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'Splinters'

Allan Greenshields

show_image.php?id=30289Career : 1947 - 1949
Debut : Round 1, 1947 vs Melbourne, aged 21 years, 86 days
Carlton Player No. 614
Games : 74 (16 at Carlton)
Goals : 5 (2 at Carlton)
Last Game : Round 6, 1949 vs Geelong, aged 23 years, 119 days
Guernsey Nos. 29 (1947-48) and 19 (1949)
Height : 178 cm (5 ft. 10 in.)
Weight : 74 kgs (11 stone, 9 lbs.)
DOB : January 22, 1926
Premiership Player 1947


A capable utility who played 74 senior games for Carlton and St Kilda in the decade after World War II, Allan Greenshields is remembered as the unfortunate player who didn’t get a run in Carlton’s dramatic 1947 Grand Final victory over Essendon.

Recruited from Pascoe Vale by Carlton’s indefatigable talent scout Newton Chandler, Greenshields earned the wry nickname of ‘Splinters’ in his debut year, when he was named on the bench in ten of his thirteen senior games. Two of those matches were memorable finals victories over Essendon - the 1947 second Semi Final, and two weeks later, the Grand Final. Greenshields was selected as Carlton’s 20th man for the flag decider, but in those far-off days before interchange players were allowed, reserves were permanent replacements and not always used.

As most are, the ‘47 Grand Final was hard-fought from the opening bounce. For much of the game, Essendon were the better side, but their kicking for goal was atrocious. At three-quarter time they led 10.15 to 10.4 before the Blues came charging home. With 44 seconds left on the clock, Carlton trailed by 5 points as they surged forward one last desperate time, and rover ((Fred Stafford
– who had hardly been sighted all match - pounced on the ball from a throw-in 25 metres out, and snapped the winning goal.

Stafford was an instant Carlton hero, but one can only imagine the maelstrom of emotion experienced by Greenshields, still watching on in his dressing gown. Many years later, Allan could still vividly recall that moment. “I didn’t get a run, and that was tough, because we were struggling all day long. We were behind Essendon all day and they should have won it because of all those behinds. We’d kicked something like eight straight to half-time, and they’d kicked 8.11,” he said. “We finished up winning it by one point, and on the fence, where the coach (Percy Bentley) sat with the selection committee, they were imploring Percy to put me on, because we weren’t getting the result we were looking for - and Freddy Stafford hadn’t had a touch for the whole game. Have I thought that it might have been me in that position? Oh absolutely…absolutely… it would have been nice.”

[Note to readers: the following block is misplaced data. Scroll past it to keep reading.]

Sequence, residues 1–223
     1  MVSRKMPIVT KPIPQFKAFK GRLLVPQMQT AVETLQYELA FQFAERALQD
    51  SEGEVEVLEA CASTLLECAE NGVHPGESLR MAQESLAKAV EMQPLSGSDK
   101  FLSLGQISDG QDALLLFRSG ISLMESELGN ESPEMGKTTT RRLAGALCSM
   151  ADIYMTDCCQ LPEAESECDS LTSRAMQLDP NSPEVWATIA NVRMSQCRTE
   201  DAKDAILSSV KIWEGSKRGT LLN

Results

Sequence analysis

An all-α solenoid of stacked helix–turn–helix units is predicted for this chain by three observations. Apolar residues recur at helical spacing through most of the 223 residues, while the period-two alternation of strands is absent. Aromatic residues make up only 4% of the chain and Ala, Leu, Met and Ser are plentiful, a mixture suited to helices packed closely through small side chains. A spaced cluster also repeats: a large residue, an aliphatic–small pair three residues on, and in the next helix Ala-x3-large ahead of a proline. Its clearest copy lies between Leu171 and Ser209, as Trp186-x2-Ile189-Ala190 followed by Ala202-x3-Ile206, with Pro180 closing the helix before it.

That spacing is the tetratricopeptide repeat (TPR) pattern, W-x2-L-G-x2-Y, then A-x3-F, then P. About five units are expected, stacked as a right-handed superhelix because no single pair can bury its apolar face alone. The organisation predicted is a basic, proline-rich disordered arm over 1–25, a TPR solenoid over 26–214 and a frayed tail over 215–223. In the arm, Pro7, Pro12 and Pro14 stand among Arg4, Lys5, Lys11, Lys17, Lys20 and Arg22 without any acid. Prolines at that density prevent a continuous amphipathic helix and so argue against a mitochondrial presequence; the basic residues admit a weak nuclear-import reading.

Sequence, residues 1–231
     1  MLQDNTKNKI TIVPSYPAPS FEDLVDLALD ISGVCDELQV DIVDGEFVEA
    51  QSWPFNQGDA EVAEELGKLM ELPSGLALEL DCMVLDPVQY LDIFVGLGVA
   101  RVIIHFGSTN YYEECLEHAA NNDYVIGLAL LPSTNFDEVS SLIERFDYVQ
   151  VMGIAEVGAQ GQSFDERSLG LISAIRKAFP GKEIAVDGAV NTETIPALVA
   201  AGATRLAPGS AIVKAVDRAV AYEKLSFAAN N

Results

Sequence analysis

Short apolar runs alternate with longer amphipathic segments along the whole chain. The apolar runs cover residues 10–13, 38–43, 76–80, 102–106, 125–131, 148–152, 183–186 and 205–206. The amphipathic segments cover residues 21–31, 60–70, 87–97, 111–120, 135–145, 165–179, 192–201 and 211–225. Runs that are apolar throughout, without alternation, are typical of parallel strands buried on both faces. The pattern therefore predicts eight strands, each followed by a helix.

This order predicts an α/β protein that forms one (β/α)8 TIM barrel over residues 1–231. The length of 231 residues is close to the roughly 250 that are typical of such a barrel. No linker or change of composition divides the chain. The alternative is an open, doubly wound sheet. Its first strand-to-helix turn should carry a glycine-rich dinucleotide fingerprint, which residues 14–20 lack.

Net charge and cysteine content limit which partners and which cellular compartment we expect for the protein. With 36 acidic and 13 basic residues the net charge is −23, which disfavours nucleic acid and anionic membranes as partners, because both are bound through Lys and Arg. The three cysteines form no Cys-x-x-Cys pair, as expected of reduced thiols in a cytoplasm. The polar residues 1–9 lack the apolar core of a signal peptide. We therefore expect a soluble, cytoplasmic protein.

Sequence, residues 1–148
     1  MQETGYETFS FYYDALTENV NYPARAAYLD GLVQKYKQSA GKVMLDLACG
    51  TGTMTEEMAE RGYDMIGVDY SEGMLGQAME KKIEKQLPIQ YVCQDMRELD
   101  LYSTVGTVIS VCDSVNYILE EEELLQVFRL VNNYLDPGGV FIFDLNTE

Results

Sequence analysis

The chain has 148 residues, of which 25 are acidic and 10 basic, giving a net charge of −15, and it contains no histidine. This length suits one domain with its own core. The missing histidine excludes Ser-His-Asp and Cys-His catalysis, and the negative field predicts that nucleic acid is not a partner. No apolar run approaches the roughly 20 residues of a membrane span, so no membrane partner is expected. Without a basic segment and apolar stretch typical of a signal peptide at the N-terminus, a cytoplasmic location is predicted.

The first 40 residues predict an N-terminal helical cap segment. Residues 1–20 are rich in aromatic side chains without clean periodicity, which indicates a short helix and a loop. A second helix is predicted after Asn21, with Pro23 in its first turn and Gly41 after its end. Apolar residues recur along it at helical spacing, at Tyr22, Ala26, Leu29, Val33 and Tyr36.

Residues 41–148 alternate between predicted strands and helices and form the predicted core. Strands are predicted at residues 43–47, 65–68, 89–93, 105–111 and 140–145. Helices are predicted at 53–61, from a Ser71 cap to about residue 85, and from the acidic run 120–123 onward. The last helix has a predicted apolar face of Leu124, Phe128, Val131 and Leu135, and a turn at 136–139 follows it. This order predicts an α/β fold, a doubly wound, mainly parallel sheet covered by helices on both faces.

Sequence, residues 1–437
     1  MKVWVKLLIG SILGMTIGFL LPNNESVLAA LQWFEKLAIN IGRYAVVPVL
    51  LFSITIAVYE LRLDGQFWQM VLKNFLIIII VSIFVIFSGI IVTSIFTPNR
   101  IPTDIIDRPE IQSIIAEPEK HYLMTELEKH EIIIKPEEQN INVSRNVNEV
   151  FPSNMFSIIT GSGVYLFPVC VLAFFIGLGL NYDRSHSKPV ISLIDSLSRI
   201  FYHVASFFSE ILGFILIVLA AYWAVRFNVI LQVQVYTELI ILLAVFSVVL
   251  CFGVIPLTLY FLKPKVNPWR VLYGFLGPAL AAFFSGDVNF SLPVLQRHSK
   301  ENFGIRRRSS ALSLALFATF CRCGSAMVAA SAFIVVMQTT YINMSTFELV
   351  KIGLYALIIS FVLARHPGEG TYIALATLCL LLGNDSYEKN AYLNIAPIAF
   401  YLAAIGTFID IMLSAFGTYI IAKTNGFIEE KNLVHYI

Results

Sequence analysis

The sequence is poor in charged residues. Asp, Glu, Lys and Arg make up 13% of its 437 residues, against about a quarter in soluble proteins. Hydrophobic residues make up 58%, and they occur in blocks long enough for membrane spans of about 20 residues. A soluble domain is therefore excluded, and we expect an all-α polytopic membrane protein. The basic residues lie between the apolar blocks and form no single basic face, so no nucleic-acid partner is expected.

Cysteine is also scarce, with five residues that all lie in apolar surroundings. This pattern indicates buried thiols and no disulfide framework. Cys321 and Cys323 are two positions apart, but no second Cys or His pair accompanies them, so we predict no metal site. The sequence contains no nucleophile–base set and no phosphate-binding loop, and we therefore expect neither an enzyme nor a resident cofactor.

Despite that promising start to his career, Greenshields played only three more times for the Blues over the next two seasons, and in 1949 decided that perhaps there were more opportunities elsewhere. His last match in navy blue came against Melbourne at Princes Park in round 6, 1949, and he went out on a high note when he slotted both of his Carlton career goals in a solid 39-point win over the Demons. Later that same year, he turned out for St Kilda, in the first of 57 appearances he would make as a defender for the Saints in a six-year stay at the Junction Oval.

In the years after his retirement, Allan was a regular at Princes Park and never missed the regular team reunions. Although grateful for his second chance at St Kilda, his heart remained with Carlton until his passing at the age of 90 on June 28, 2016. The following Saturday night at the MCG, all Carlton players wore black armbands in his honour for their match against Collingwood.

Footnote

Greenshields wore guernsey number 29 in 1947 and ’48, then swapped to 19 for his last two games. At St Kilda, he wore numbers 26 and 5.

Articles: Vale Allan Greenshields

Blueseum: Summary of playing statistics for Allan Greenshields | Greenshields' Blueseum Image Gallery

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